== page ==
I was recently asked:
“A friend of my daughter told her that when a parent passes away his or her debts [banks, bituah Leumi etc] are passed on to the children even if they didn’t sign. This doesn’t seem right. Is this the law in Israel?”
And I recently answered:
“I am not a real expert in the field but this will pass as a good answer. Debts do not pass on to children, spouses etc when a person passes away. I am not making a pass at you, I am past that. The debts remain part of the estate (= izavon עיזבון) because the estate is the net worth of a person, assets minus debts. When a person passes away the inheritors inherit the estate. Inheritors could be children, other next of kin. If there are debts these must be paid before the assets are passed on to the inheritors. Children do not pay the debts anymore than passers by do, the estate pays the debts. If the assets are not substantial enough to pay the debts, the creditors just do not get paid. This is the law in most places in the world including Israel, it seems right to me. I am passionate (sorry that will really not pass for pass). An important exception is if a family member signed a guarantee (= arevut ערבות), a debt would pass on to a guarantor upon the debtor’s passing. Enough passing for now.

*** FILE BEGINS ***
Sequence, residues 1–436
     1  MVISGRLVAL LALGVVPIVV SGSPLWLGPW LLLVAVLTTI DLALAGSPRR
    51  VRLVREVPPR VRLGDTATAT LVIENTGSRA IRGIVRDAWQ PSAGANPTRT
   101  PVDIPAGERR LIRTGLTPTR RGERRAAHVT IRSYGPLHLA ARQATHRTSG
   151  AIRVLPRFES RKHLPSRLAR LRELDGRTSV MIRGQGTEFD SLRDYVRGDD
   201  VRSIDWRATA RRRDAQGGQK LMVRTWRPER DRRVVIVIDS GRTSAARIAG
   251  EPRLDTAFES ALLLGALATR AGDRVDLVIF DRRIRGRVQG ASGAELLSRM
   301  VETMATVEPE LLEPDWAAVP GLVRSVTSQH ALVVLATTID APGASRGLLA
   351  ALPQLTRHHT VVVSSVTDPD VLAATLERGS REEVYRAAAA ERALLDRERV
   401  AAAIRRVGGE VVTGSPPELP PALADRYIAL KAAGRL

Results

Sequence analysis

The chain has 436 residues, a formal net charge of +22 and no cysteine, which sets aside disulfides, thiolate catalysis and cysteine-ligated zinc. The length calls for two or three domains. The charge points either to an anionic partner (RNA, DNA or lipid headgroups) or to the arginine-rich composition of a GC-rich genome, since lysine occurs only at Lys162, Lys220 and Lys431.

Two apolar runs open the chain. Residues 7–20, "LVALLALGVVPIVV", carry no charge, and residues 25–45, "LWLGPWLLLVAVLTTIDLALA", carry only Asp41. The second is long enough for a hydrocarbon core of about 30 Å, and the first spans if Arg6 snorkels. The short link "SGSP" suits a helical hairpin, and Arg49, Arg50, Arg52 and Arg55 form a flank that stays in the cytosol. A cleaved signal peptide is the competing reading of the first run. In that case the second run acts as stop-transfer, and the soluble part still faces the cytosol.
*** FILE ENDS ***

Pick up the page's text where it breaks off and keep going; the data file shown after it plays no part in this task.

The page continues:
This is a common misunderstanding – do not pass by this link it passes for fun google.com although the results are confusing. It is past my bedtime now.